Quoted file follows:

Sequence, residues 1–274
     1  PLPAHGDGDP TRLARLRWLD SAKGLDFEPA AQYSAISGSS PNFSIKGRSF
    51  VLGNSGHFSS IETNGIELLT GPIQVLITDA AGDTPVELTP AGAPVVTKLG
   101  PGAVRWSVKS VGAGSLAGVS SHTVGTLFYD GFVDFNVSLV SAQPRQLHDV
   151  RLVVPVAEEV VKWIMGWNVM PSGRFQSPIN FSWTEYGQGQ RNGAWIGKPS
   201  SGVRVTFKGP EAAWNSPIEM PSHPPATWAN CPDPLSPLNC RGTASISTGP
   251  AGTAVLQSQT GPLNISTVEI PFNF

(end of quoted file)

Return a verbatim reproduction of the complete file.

Sequence, residues 1–274
     1  PLPAHGDGDP TRLARLRWLD SAKGLDFEPA AQYSAISGSS PNFSIKGRSF
    51  VLGNSGHFSS IETNGIELLT GPIQVLITDA AGDTPVELTP AGAPVVTKLG
   101  PGAVRWSVKS VGAGSLAGVS SHTVGTLFYD GFVDFNVSLV SAQPRQLHDV
   151  RLVVPVAEEV VKWIMGWNVM PSGRFQSPIN FSWTEYGQGQ RNGAWIGKPS
   201  SGVRVTFKGP EAAWNSPIEM PSHPPATWAN CPDPLSPLNC RGTASISTGP
   251  AGTAVLQSQT GPLNISTVEI PFNF